Years ago, the Mayo Clinic was exploring effective ways to minimize burnout among the more than 3,000 doctors employed at its three medical and research facilities in Rochester, Minn., Scottsdale, Ariz., and Jacksonville, Fla. One strategy involved inviting physicians to participate in small groups to discuss topics that were fairly ubiquitous among doctors, from medical errors to work–life balance.
Explore this issueJune 2017
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“The results were striking,” says Colin West, MD, PhD, professor of medicine at Mayo’s Rochester campus and co-director of the facility’s physician well-being program. “It was a randomized trial. The group involved in these discussions had markedly lower rates of burnout and markedly increased levels of sense of meaning from their work as physicians.”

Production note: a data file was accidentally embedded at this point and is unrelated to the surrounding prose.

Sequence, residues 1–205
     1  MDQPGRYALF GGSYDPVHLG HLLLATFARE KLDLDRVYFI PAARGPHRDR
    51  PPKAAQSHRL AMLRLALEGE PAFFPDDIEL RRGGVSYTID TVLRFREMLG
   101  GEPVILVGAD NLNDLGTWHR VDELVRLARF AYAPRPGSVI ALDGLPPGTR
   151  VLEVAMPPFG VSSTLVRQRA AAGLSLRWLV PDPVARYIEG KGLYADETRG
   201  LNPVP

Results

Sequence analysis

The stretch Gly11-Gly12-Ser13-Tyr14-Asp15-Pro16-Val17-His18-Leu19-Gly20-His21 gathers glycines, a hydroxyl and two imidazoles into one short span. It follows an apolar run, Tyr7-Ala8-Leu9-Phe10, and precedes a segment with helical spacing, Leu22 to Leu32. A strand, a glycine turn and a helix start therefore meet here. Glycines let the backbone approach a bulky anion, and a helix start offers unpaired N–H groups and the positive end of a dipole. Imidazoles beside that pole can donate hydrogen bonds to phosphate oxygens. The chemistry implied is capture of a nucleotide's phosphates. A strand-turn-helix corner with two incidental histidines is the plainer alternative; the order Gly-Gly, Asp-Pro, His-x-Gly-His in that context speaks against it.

As an occupational hazard, physician burnout is real, pervasive and potentially dangerous to doctors and their patients. For years, numerous studies have revealed the alarming effects or consequences of burnout—both personally and professionally—which has prompted some in the healthcare community to get off the sidelines and seek intervention strategies. So far, their efforts have been successful, providing dedicated physicians with opportunities to rebuild their strength or energy, regain their confidence as skilled clinicians and rediscover their purpose as medical practitioners.